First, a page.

As such, UK businesses and other services looking to reopen from Monday 29 March are being urged to carry out vital safety checks to avoid increasing the risk of the potentially fatal infection in their water supply.
With many businesses and buildings closed for months, the chances of bacteria forming in the water systems is more likely.
The Chartered Institute for Environmental Health (CIEH) has published guidance for businesses following the COVID-19 lockdown.
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There were 295 recorded cases of Legionnaire’s disease with symptom onset between January and October 2020, despite the closure of many businesses.
Cllr Nesil Caliskan, Chair of the Local Government Association’s Safer and Stronger Communities Board, said: “We are all hopeful of a safe reopening of businesses in the coming weeks as we ease out of the national lockdown.
“However, many water systems will not have been used in a long time and should be checked to avoid any unnecessary risk of Legionnaires’ disease, which can be potentially deadly.”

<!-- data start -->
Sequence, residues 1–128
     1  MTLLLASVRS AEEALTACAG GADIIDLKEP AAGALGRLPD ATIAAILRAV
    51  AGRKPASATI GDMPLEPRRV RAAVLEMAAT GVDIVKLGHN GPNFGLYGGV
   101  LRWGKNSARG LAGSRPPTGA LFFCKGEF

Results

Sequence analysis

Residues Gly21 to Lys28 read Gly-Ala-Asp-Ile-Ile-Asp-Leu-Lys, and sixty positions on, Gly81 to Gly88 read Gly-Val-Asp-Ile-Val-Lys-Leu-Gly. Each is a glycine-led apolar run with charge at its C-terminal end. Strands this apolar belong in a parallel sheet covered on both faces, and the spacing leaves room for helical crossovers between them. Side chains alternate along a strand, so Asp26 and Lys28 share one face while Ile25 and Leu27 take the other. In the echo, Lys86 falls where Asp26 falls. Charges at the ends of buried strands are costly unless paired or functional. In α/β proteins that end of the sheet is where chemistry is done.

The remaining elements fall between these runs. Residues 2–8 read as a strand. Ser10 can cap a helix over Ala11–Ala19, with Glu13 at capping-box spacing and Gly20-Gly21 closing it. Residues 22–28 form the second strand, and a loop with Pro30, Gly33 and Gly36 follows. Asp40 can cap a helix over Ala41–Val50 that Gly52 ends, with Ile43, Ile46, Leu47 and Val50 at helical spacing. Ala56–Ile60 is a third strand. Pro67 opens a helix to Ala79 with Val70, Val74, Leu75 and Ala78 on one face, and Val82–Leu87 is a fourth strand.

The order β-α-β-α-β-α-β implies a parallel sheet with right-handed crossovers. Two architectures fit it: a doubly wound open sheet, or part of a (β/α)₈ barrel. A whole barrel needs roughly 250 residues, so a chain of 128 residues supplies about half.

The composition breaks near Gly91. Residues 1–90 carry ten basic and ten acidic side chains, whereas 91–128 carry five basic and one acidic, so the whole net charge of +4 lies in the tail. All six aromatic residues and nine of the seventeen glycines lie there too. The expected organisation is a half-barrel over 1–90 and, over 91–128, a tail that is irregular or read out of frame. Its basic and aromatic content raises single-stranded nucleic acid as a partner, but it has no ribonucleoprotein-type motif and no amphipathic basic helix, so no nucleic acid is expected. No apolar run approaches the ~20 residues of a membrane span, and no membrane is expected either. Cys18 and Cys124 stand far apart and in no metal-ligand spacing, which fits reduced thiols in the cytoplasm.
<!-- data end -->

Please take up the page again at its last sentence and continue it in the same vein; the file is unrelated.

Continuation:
“The CIEH also has a wealth of resources so ensure businesses understand the risks and how to mitigate them.”
Julie Barratt, President of CIEH, said: “Many businesses, large and small, will be gearing up to re-open and welcome customers back on 12 April.
“However, Legionnaire’s disease is a serious risk after such a prolonged period of closure for many businesses.
“CIEH guidance published during the first lockdown provides a simple guide for all businesses.”
You cannot usually get Legionnaires’ disease from drinking water that contains the bacteria, other people with the infection, or places like ponds, lakes and rivers.
While it’s important to note the symptoms of the infection, the NHS advises getting advice from 111 immediately if:
- you cannot breathe properly
- you have chest pain
- you feel like you have severe flu
Treatment in hospital may include antibiotics given directly into a vein, oxygen through a face mask or tubes in your nose, and a machine to help you breathe.
If a person with the infection starts to get better they might be able to take antibiotic tablets at home, usually for one to three weeks.
Most people make a full recovery, but it might take a few weeks to feel back to normal.